4.  Success is passion.  It's doing what drives you, inspires you, energizes you. 

5.  Success is making a difference.  Everyone wants to "leave a legacy." Some jobs result in a clear product you can point to and say, This is what I did.  A lot do not.  The key is to do whatever you do well and with love.  Add to the sum total of human happiness in the world and you will be leaving a valuable legacy.

6.  Success is when you can give from your abundance.  You have so much time, money, energy, and love that you are able to give some away!  Cool.

As you work to be successful you'll find that success is a process, not a fixed point.  It's sort of a moving target.  You never "get there."  So it's hugely important that you enjoy the process, that it makes you happy.

Which leads to this important final point:  A lot of people say that if you are successful you will be happy.  But it's the other way around.  If you are happy, you will be successful.

Article courtesy of the Recruiting Blogswap, a content exchange service sponsored by CollegeRecruiter.com, a leading site for college students looking for internships and recent graduates searching for entry level jobs and other career opportunities.

 


Minnesota Recruiter Jobs

The following new Minnesota Recruiter Jobs have been added on the MN Headhunter Recruiting Gigs Page:

  • Technical Recruiter | Full Time Job | McKinley Consulting
  • Director of Talent Management | Full Time Job | Christopher & Banks
  • Talent Acquisition Specialist | Full Time Job | Christopher & Banks
  • Manager Talent Management And Acquisition | Full Time Job | Medica
  • Minneapolis FedEx Kinko's Recruiter | Full Time Job | FedEx Kinkos
  • Recruiting Analyst | Full Time Job | MinuteClinic

 

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IT Jobs With Minnesota Non Profits

The following new IT jobs have been added on the MN Headhunter Volunteer Page:

 

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Advice On Hiring Salespeople

The following article is part of my participation in the Recruiting Blogswap:

Written by Jim Durbin of StlRecruiting

For those of you looking for new sales help in the New Year, let me offer you a tune-up for the way you hire salespeople.

Some of you have long, involved processes that include psych tests (better hope they're certified), questions about whether they were involved in sports in high school (yes, this question is still around), and the highly dubious, "Show me your W-2's" method that is supposed to show whether past performance is predictive of future success.

Forget all of that.  And forget your "gut instinct," too.  Salespeople are good at selling themselves, so anyone who has ever held a sales position and had any success should be able to convince you they know what they're doing.  Most account managers can worm their way into a position by repeating this mantra, "I love the phone.  All business starts with the phone, and if I just continue to make my calls, I'll be successful."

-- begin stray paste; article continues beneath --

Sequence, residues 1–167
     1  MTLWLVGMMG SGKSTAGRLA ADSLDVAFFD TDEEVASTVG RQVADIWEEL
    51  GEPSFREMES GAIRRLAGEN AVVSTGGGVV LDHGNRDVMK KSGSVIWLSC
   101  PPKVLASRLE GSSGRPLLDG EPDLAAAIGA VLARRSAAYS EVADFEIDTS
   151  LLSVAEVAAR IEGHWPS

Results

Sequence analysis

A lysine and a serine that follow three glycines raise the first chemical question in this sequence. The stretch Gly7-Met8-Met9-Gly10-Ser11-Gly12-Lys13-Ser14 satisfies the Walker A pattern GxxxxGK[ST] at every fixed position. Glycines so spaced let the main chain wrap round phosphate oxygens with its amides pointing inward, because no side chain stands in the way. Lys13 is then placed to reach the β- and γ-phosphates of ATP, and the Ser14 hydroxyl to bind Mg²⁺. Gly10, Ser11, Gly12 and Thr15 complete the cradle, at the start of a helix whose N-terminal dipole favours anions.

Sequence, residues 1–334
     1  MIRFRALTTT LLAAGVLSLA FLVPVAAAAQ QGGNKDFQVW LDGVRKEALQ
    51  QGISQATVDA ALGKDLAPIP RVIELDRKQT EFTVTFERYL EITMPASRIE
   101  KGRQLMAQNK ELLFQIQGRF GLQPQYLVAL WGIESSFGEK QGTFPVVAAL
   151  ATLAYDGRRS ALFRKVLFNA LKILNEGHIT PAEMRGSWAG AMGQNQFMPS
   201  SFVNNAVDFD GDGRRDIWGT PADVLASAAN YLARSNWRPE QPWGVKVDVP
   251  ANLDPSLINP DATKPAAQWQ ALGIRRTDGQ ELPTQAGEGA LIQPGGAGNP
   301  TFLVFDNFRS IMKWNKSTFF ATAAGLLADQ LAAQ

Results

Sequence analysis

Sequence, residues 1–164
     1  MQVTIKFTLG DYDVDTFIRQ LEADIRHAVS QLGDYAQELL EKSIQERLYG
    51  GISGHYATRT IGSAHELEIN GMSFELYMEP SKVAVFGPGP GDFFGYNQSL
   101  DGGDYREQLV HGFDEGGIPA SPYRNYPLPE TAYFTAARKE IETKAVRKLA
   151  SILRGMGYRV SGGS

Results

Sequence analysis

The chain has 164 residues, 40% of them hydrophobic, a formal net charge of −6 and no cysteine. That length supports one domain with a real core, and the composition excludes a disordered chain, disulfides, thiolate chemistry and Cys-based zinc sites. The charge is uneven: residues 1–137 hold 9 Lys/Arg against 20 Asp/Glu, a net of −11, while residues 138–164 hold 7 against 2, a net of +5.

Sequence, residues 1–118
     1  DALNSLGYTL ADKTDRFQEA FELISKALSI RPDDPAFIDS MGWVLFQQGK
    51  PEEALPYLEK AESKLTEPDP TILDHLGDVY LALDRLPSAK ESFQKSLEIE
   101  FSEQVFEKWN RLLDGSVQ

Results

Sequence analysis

Of course, once they are hired, there always seems to be something that keeps them off the phone (I'm no exception, and have been guilty of it in the past, but you might consider adding this to your employment process in the hire of your next salesperson.

Ask them to write down a schedule of a normal day, their first week, the first 30 days, and the first 90 days. 

Any experienced employee should know how to hit the ground running. A reliable indicator of what the employee has planned, and a good test question to see if they are detail oriented and looking forward to the job, is to ask them what they plan to do in the first 90 days.

This is just the first step.  If they do a good job, you have a roadmap they have committed to if you hire them.  If they give you incomplete information, you can work with them to create a timetable that looks right, practicing working together prior to actually hiring them.

In their head, you want to create the image of them working alongside you.  You want to create the visual image of what it's like to work with you as a manager.  If it's a bad fit, the two of you realize it quickly.  And most important, it takes the focus off of the hiring process, where everyone wants to be liked, and puts it on the working process, where everybody makes money.

Article courtesy of the Recruiting Blogswap, a content exchange service sponsored by CollegeRecruiter.com, a leading site for college students looking for internships and recent graduates searching for entry-level jobs and other career opportunities.